"Well different grammarians of the Finnish language have different views on how many cases there are. Some don't think that some of them are separate cases. But it's complicated."

'What!! If the experts in the language don't even know, how are we ignorant foreigners expected to know what to do?'

"Just learn what I teach you. Don't worry about what the theorists think. It's what you do that counts.' 

'OK go on. What's next?'

"Well there's the Partitive case. This case is used when...."

Actually there's a long list of when this case is used, and it's not very clear all the time to non-natives when it should be used. Wiki tells me that it is used to indicate a 'lack of telicity'. No me neither. Suffice to say it was described to me as the gambler's choice. It seems to be used more often than other possible cases. If in doubt use the partitive. Significantly you use it for the L word. You love someone in the partitive case. For some reason. Not in the accusative (that case indicates telicity***). Nor in the nominative (basic dictionary form, 'nothing going on here' case).

*** Actually, Wiki does explain. Telicity is when the action or event is in some sense complete.

So getting back to that joke. Here we have a student of Finnish using his new found knowledge. a joke ruined

It's not just us English speakers who suffer with this. The person who sent the joke to me in the first place is French. The secret is not to overthink it. Just submit. Resistance is futile.

Monday, 23 November 2020

Books by the Donald. And others.

Yes of course I'm talking about Donald Featherstone. You didn't fall for that did you?

Amongst recent acquisitions are a couple of DF books. First up is this which I finished tonight.

This a 1977 edition

The book contains an overview of the war, tactical methods, accounts of ten actions, plus rules. The battle accounts are accompanied by wargame scenario suggestions along with maps. I have to say, I'm not overwhelmed by it. It contains little errors, like mixing up east and west in some of the battle accounts, or has confusing descriptions of what happened. In the latter case simply showing units on the map would have helped - there are in a few cases, but often it's just the terrain layout. These are also not helped by not even clearly showing breakdown of the opposing forces. The rules look OK - very much old school, single figure removal as you'd expect - let down slightly by a confusing saving throw table. I may be a bit thick these days, but I like to see things clearly tabulated or shown on a map/diagram so you can see them at a glance without trawling back through the text. In historiographical terms it might also be a bit too old school, often referring to the British fighting in rigid formations and in inappropriate uniforms. Nevertheless it does provide some useful insights and is a handy source.

As an old school wargaming author, I don't find Featherstone as engaging as Grant, Young or Wesencraft. I have both Don's and Charlie's Pike and Shot books on my shelf and one of them gets re-read from time to time for the sheer pleasure. Clue, I don't think the author was a physio.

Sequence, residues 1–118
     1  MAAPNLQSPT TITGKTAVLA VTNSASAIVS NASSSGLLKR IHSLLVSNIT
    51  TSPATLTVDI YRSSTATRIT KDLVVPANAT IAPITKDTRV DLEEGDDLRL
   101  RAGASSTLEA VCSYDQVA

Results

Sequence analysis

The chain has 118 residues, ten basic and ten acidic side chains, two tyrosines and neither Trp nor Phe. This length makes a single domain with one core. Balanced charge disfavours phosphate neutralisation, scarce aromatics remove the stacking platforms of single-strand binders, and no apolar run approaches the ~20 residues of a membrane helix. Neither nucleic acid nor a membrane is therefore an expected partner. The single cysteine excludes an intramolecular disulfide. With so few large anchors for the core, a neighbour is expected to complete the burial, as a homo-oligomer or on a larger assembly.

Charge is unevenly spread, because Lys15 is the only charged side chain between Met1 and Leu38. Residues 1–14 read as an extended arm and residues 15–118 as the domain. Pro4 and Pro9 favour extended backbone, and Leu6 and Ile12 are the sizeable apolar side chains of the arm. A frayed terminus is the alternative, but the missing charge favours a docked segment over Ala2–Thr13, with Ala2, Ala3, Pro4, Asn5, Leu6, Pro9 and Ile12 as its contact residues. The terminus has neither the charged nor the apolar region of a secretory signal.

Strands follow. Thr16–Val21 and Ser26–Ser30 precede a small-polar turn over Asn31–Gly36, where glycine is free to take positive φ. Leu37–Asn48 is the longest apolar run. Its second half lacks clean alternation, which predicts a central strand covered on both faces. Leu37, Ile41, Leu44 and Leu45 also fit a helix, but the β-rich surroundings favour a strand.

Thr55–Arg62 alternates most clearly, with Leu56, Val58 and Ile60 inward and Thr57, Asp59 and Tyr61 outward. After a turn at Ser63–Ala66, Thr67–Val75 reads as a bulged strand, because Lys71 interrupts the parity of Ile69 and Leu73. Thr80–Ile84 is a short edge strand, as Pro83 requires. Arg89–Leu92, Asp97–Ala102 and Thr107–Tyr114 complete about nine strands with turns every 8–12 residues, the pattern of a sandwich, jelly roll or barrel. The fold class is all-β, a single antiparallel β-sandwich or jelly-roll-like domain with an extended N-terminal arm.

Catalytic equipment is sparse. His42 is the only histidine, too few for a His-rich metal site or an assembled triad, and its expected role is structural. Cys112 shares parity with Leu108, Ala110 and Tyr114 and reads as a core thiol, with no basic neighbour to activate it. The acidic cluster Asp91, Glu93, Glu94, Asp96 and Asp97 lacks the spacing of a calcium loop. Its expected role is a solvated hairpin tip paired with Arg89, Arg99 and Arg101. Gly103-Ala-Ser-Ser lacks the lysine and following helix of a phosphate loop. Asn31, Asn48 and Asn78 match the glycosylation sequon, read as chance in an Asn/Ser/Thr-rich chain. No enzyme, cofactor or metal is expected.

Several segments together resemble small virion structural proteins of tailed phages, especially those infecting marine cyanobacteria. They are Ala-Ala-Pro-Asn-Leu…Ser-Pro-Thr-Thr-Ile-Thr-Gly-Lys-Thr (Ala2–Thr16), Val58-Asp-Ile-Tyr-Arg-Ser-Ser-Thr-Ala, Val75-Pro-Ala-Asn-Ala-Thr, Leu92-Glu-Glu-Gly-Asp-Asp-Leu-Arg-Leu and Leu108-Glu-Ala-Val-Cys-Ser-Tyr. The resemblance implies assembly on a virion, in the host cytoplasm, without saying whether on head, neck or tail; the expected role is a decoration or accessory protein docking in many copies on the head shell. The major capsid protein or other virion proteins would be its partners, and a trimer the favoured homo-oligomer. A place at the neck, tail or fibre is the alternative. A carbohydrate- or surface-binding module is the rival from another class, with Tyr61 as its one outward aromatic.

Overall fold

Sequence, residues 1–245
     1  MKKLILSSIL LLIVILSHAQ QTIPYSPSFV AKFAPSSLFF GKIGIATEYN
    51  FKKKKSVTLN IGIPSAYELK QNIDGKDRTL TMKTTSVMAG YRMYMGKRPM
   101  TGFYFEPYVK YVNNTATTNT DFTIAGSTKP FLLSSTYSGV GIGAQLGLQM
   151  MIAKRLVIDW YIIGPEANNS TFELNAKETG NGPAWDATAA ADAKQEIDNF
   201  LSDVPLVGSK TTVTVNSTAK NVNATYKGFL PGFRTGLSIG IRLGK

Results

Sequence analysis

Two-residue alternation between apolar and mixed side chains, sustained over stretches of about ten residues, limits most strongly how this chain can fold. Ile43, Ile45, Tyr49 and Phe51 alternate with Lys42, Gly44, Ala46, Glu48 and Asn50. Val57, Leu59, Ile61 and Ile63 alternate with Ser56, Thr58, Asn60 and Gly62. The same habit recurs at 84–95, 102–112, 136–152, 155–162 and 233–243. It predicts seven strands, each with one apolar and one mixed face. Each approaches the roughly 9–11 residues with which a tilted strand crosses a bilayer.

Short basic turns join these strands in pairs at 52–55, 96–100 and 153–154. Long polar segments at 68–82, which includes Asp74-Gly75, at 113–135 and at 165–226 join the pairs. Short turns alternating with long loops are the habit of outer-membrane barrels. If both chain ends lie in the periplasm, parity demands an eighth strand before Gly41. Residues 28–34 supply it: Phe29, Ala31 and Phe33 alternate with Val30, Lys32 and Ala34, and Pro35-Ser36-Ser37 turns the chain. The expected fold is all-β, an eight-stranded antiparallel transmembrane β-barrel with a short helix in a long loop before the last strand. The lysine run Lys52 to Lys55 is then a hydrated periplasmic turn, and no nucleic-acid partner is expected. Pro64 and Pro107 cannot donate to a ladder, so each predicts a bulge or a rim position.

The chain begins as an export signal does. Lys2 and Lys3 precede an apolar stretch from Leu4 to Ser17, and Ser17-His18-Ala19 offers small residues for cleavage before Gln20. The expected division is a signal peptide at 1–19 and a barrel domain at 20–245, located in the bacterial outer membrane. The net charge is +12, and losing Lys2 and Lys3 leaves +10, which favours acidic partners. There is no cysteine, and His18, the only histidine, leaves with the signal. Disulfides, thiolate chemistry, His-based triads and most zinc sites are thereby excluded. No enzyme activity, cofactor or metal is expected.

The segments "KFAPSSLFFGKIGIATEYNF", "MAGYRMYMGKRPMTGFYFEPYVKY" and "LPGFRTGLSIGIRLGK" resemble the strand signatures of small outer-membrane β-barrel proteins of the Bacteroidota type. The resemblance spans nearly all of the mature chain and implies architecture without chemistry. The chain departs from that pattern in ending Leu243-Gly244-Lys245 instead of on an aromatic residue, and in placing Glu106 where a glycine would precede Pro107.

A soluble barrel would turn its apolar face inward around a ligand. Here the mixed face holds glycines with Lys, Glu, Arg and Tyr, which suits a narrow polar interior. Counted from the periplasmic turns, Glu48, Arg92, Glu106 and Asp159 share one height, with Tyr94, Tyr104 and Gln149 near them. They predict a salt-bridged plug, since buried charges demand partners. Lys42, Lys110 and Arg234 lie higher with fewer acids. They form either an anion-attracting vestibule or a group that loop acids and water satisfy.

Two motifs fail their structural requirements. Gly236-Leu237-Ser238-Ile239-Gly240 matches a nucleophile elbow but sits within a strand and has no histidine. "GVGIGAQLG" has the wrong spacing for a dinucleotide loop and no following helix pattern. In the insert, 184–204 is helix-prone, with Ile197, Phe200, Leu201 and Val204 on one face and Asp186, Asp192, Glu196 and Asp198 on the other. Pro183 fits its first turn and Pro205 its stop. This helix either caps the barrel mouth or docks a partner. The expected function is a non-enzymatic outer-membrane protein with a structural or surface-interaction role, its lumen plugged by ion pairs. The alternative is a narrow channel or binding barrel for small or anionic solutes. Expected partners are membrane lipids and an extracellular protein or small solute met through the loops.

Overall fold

Notwithstanding that I also bought DF's Solo-Wargaming (in the History of Wargaming imprint). I haven't started reading this yet, but I've read lots of positive comments. 

Last but not least was the Mollo book on Uniforms of the American Revolution, recommended by some of you. And very useful it is too, with not only colour illustrations but also descriptions of regimental uniforms including those not shown. I naturally used this when I was painting my troops recently. As with my other periods, I don't intend to identify specific regiments, only types, except for the 10th Foot naturally as they later became the Lincolnshire Regiment and I am a Yellabelly (of a sort).

Now back when I was a lad, I read a book on the American War of Independence that had accounts of half a dozen or so battles, with decent maps and troop breakdowns. I think the battles included Camden, Guildford Courthouse, Monmouth, and Cowpens. It was a Blandford sized book, but that's about all I can remember. We're talking c 1980 so maybe it was published in the 70s. Any ideas?

Saturday, 21 November 2020

It's time to stop!

Helion I mean. They keep coming out with books I want to read. Seeing the forthcoming book "Every Bullet Has Its Billet" on the Wars of Louis Quatorze blog, I thought "ooh, I'll have a look at that" and tootled off to the Helion website.

Well that led to me registering interest in ten books. So that'll be 250-300 quid by the time they all arrive at some point in 2021. Four ECW titles; one late-seventeenth century; two War(s)* of the Austrian Succession; one SYW; one Colonial (Sikh Wars); and one WWII (Continuation War).

* being a pedantic type I'd incline to the plural because this was really a series of sometimes overlapping wars between many powers, and with each running according to its own logic, the only common connection being that most of the belligerents were trying to take advantage of the accession of Maria-Theresa to the Habsburg inheritance.

Here's the full list with links:





EVERY BULLET HAS ITS BILLET (wargaming guide to late C17th)






That'll keep me out of harms way for a while next year. And fortunately, bar the Sikh Wars and late 17th century, I have toys that could be used for most of them.

Also worth noting for budding SYW acolytes is the re-publication of Duffy's great work on the Austrian Army's campaigns of the Seven Years War, By Force of Arms . This won't be cheap (it's sister volume Instrument of War is £49.95) but it'll be well worth the money at over 500 large format (245 x 170mm) pages with detailed maps aplenty.